• Join over 1.2 million students every month
  • Accelerate your learning by 29%
  • Unlimited access from just £6.99 per month

Romeo and Juliet

Extracts from this document...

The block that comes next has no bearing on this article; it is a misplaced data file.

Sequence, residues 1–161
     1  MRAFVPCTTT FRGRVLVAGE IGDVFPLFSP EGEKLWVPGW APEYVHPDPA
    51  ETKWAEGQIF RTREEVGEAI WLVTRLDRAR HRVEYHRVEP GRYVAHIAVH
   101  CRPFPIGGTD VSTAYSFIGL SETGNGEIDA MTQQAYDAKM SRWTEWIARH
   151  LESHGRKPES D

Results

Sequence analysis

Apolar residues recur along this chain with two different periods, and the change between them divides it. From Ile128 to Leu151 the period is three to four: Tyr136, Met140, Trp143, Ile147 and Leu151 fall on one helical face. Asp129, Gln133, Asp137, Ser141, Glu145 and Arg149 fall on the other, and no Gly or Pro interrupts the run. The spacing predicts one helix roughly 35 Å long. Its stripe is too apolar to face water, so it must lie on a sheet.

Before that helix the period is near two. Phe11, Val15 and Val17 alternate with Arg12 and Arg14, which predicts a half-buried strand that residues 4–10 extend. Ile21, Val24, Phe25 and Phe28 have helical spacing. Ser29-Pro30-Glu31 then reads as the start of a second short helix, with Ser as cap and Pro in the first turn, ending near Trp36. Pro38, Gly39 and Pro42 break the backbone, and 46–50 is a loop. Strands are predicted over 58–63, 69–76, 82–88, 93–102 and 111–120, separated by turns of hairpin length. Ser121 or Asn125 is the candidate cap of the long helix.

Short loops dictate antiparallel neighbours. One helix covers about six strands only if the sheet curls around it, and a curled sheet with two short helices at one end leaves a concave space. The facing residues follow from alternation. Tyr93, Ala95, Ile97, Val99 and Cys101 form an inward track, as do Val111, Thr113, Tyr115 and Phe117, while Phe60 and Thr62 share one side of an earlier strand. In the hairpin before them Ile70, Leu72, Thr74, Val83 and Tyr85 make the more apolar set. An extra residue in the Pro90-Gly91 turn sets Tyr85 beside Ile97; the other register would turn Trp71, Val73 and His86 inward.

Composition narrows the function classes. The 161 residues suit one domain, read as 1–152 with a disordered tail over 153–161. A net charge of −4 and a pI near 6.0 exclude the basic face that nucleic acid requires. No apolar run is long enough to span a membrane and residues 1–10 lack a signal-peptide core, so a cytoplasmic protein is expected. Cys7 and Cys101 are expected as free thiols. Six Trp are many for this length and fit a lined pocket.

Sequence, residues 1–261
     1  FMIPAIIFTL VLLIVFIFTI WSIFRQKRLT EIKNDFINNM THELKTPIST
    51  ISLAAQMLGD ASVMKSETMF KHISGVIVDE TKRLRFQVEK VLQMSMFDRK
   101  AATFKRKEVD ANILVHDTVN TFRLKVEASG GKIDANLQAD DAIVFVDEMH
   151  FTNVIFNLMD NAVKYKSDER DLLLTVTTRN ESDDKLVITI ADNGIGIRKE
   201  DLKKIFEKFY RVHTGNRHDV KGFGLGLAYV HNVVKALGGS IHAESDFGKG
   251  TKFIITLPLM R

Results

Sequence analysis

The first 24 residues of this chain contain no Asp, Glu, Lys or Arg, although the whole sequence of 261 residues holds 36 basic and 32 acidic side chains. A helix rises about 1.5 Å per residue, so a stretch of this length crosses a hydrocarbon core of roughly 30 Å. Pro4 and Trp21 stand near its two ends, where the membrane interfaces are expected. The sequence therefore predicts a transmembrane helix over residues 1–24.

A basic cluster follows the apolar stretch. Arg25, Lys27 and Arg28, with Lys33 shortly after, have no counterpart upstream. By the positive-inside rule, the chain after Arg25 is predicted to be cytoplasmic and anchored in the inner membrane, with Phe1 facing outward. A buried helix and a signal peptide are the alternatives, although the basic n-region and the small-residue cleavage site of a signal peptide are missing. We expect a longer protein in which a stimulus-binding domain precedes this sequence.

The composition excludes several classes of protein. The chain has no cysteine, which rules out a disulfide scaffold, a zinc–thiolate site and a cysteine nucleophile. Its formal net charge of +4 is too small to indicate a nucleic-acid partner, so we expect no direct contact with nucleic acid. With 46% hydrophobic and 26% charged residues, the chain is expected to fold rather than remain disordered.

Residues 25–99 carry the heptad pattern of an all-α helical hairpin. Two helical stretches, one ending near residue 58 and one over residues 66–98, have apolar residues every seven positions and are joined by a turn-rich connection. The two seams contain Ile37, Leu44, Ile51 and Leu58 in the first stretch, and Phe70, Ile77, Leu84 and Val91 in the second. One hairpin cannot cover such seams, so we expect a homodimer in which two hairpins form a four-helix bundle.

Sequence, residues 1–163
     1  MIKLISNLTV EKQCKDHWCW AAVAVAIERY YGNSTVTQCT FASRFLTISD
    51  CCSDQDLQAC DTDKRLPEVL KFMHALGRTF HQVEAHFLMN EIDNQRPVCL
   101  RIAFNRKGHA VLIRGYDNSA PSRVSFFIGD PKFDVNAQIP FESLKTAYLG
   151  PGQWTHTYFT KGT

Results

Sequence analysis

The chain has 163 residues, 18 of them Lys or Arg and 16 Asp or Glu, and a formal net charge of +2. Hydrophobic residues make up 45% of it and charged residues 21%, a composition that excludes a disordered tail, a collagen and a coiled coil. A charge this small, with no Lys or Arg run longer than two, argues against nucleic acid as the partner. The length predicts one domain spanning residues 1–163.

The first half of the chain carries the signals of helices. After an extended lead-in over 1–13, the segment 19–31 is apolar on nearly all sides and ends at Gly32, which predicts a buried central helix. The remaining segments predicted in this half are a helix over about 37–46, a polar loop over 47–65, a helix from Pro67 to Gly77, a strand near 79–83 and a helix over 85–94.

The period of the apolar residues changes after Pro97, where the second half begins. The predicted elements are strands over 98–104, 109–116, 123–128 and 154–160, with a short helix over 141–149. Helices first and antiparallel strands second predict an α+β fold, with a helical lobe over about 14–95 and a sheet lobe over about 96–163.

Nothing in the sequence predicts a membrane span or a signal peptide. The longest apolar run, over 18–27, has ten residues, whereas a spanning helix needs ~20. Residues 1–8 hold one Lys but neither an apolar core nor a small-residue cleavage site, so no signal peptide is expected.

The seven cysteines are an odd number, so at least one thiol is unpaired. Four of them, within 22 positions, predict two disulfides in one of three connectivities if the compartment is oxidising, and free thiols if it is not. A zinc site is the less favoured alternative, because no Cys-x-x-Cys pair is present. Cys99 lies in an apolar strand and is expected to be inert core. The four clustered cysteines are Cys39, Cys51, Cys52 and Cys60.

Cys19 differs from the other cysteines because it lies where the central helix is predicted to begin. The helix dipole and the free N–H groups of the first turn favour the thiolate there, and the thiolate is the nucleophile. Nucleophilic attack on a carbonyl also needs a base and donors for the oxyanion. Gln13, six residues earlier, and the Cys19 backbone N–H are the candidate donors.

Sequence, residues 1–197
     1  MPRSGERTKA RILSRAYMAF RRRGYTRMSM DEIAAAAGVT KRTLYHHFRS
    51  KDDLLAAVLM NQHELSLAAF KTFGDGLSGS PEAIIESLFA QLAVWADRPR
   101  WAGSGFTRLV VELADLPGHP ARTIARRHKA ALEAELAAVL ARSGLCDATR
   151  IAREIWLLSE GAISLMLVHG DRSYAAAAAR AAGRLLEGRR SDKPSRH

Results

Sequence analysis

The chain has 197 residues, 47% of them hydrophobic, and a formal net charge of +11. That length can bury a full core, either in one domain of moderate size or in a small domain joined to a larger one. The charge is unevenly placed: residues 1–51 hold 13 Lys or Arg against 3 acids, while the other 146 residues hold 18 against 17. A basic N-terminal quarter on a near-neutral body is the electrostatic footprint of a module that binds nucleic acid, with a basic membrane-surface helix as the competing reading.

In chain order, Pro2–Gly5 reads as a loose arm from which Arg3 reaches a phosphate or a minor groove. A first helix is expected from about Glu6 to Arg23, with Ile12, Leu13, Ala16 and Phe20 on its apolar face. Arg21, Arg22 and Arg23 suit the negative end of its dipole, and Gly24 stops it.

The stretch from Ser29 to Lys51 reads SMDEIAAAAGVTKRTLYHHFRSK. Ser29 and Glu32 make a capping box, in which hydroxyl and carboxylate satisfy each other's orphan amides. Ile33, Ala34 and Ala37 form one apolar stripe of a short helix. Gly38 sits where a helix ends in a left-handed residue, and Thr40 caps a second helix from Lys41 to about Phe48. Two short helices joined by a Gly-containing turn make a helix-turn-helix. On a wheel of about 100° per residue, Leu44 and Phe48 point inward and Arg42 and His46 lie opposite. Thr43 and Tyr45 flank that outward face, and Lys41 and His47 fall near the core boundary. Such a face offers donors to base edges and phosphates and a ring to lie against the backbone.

Shakespeare's Romeo and Juliet is about true love and how it fights against all odds to overcome the problems in their lives. Too many ironic co-incidents, two feuding families and two rebellious lovers; Romeo and Juliet. Juliet is shown as the ideal Renaissance women, the dutiful daughter of Capulet. She is obedient and respectful, however with changing circumstances came a complicated Juliet; objective and opinionated. In the eyes of a Renaissance audience this was an outrage, though a modern audience would be more accepting of Juliet and praise her bravery. I think the development of Juliet from a young girl to a love struck women makes her an admirable character in the play, as she tries to break the rules that women of the Elizabethan era were meant to abide by. Juliet at the beginning of the play is a calm and collected person. Surprisingly Juliet uses a very formal register with her mother, making us think her relationship with Lady Capulet is limited. Juliet seems to have a more loving relationship with the Nurse and sees her as a mother figure. Juliet's use of language in Act 1, Scene 3 is very short and formal, for example when her mother asks : "How stands your dispositions to be married?" Juliet replies "It is an honour I dream not of" Juliet does not show emotion to what her mother is asking her, her reply is straight to the point. Even though Juliet's replies are short, she is very assertive and answers calmly, in spite of the fact that her mother seems impatient and wants Juliet to answer "in brief", as though she has not got time for any long winded replies. Juliet in this scene is shown as a young girl, who does not make decisions for herself. Throughout the scene you realise that Juliet is a very level headed person whist being respectful as well and you can tell this by her use of words, as she does describe marriage as an ...read more.